Budget tour operator, Lowcostholidays has gone into administration. This has put the holiday trips of 137,000 of its customers in turmoil. Of these, 27,000 customers are in the midst of their holiday while the remaining 110,000 have booked their trips but are yet to take off.
The exact number of British holidaymakers who have been affected by this incident is unknown. However, a news report has claimed that about 55% of the operator's customers are British and that the incident could affect the summer plans of tens of thousands of Britons yet to travel.
With regards to the 27,000 who are already on a holiday, the operator said via its website that their return tickets were paid for but they may have to settle unpaid bills with hotel owners and other companies offering services such as airport transfers.
The remaining 110,000 customers who are yet to start their holiday, on the other hand stand to lose their money as the operator is not covered by Air Travel Organisers' Licensing (ATOL), a UK Civil Aviation Authority (CAA) scheme to protect people who have purchased package holidays and flights from a member tour operator. While customers who have purchased a travel insurance could get some relief, those who have not, will either have to pay for their holiday twice, find alternative accommodation, or cancel their trip altogether.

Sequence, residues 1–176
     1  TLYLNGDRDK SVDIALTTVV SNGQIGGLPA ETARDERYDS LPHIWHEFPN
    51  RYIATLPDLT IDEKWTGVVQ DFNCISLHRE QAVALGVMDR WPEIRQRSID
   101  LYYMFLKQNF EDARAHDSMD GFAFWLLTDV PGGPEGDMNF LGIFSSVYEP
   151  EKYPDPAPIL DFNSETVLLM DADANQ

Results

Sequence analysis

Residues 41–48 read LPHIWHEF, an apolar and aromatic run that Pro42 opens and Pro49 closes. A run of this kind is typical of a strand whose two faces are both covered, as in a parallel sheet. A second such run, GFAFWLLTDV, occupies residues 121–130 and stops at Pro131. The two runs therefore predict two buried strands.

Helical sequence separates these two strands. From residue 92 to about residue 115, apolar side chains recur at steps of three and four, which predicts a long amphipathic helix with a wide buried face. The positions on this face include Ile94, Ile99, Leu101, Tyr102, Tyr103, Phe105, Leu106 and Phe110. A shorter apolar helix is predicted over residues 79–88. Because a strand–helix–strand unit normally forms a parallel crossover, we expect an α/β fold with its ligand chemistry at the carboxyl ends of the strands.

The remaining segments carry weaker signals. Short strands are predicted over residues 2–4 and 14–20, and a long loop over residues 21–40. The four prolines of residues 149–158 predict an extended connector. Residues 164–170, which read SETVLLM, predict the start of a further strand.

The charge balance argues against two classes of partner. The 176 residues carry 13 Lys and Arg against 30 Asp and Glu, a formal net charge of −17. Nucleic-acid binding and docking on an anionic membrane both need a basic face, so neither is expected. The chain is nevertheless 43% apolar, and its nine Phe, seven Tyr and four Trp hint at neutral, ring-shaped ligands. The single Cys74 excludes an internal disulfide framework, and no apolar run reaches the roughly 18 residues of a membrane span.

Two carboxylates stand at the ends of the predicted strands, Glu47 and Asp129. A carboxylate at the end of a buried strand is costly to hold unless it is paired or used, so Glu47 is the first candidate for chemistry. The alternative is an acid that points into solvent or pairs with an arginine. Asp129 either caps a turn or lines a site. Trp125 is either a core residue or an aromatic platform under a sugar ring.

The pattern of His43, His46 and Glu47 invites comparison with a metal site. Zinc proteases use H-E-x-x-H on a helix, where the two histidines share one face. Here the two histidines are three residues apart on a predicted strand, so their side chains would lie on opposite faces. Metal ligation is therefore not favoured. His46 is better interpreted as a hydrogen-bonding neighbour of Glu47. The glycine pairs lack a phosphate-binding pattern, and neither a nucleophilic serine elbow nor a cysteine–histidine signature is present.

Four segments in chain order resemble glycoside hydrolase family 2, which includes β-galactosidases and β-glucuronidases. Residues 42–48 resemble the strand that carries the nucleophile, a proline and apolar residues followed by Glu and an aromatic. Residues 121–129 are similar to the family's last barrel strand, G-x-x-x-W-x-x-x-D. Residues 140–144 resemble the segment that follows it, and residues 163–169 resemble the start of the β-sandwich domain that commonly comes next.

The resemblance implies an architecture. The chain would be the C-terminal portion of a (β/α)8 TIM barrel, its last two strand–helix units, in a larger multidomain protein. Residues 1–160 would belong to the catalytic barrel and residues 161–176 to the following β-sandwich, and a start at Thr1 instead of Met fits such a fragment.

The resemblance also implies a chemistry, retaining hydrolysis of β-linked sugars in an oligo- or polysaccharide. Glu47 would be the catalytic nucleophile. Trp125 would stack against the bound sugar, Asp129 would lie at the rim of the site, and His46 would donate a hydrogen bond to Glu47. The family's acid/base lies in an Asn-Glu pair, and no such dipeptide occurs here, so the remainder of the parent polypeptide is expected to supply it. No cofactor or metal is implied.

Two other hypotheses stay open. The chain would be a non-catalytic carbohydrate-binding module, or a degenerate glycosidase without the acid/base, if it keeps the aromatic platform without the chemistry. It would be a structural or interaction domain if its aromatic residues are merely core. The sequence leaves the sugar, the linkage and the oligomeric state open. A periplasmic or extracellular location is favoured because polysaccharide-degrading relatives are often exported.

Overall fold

A spokesman at Smith & Williamson, the administrator appointed by the operator, blamed the Brexit vote for the company's failure. "The group experienced significant market headwinds in the run up to the EU referendum as holidaymakers delayed decisions. This was compounded by the Leave vote itself and the subsequent fall in value of the pound", he was quoted as saying by The Telegraph.
The bankruptcy follows a 2013 warning by the CAA, which asked holidaymakers not to book through the lowcostholidays.com website that sells holidays to destinations including Spain, Barbados and Jamaica to customers across Europe, as the operator had shifted base to Spain, a country which is not covered by the ATOL scheme. The operator had, however, dismissed these warnings by saying that holidaymakers would be protected by a similar Spanish scheme.